Maharashtra Government set up a panel named the Interfaith marriage family coordination committee to monitor and help women in response to the Shraddha Walker Murder Case.
State Minister for Women and Child Development Mangal Prabhat Lodha will be heading the 13-member committee formed by Maharashtra Government. The Panel will collect information on interfaith marriages with the help of district officials to monitor. It will provide consultation and resolve issues between the woman and her estranged family. It will act as a platform for women in interfaith marriages providing consultation and resolving issues. Additionally, will be resolving issues with the hope of reconciliation between the women and the estranged family. Further, monitoring related welfare initiatives at the district level and studying policies and schemes at the center and state level on this matter.
Reason behind the move
The Panel was formed in light of the Gruesome murder case of Shraddha Walker and increased cheating cases in interfaith marriages. Beliefs Interfaith marriage leads women to be cut off from their family, as was in the Shraddha walker case, except she wasn’t married.
In conversation with The Hindu, Mangal Prabhat Lodha said the State Government’s reason for setting up the committee was to ensure that the ‘Shraddha Walker case’ does not happen again.
The Minister said that in Shraddha Walker’s case, her family was unaware that she had died six months ago, which was scary. “We don’t want such incidents to happen again. Just as we counsel couples going for divorces to explore possible ways to stay together, the Panel will counsel the women estranged from their families to resume contact”, he said.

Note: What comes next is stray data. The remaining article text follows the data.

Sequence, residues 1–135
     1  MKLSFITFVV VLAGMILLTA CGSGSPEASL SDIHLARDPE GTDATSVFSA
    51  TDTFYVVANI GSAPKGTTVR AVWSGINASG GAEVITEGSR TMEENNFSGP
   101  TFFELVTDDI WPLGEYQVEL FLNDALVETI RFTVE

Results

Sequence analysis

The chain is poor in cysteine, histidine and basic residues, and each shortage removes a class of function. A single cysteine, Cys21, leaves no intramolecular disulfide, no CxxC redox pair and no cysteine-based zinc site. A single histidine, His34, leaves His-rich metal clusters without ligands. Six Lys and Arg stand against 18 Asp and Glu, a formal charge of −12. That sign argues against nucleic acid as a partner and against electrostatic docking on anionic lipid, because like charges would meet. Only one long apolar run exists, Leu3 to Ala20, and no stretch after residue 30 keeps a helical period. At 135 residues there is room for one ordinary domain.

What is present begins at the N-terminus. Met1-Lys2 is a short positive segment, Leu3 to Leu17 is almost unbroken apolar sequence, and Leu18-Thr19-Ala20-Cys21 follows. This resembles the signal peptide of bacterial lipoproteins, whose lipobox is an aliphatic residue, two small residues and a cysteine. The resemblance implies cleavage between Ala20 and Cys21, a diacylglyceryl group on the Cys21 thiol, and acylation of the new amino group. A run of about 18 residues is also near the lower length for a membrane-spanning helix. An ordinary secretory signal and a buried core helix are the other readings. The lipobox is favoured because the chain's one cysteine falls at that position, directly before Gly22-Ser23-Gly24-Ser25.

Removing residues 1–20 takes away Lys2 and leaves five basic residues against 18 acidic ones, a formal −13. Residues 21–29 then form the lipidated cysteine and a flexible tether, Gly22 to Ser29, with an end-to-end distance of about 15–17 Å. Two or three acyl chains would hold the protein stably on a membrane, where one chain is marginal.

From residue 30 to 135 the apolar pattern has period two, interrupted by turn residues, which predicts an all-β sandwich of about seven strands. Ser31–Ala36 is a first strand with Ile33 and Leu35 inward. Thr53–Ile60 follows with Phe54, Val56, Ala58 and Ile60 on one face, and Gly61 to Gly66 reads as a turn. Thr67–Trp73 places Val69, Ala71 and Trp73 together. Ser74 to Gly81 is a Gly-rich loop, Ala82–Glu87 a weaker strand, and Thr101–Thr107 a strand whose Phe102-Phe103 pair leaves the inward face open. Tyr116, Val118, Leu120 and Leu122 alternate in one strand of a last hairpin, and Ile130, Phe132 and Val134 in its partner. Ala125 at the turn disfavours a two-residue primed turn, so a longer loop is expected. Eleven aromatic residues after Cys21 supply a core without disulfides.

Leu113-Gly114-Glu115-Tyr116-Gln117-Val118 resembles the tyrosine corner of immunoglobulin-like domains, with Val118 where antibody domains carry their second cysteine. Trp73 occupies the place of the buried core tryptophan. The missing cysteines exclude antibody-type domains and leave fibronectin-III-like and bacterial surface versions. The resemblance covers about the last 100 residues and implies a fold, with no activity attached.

Criticizing the initiative, the Opposition said the Government has no right to intervene in the private life of the couples calling the initiative as “Retrograde”, “inappropriate”, “nauseating step”, and “anti-constitutional” initially, inter-caste marriage was also included. The Opposition criticized the move as inconsistent with the government schemes granting funds to promote inter-caste marriage. Later the government dropped inter-caste marriage from the purview.
The intention of the Panel needs to be questioned
Registering inter-faith marriage is already a difficult task in India. Under the Special Marriage act 1954, couples must file a notice 30 days after marriage, allowing any individual to object to the marriage. It is seen that the act is used as an instrument by families and other religious groups to prevent those marriages. It reflects the Government’s patriarchal views when it assumes women’s safety lies in the family, community, and state. When it tries to reconcile the woman and the estranged family, it takes away the autonomy of the woman to decide what she wants. And again, we can see how Government brings a religious angle to the Shradhha walker murder case. When, there are no data points to prove women in interfaith marriages are in greater danger than any of the same castes of same-faith marriages.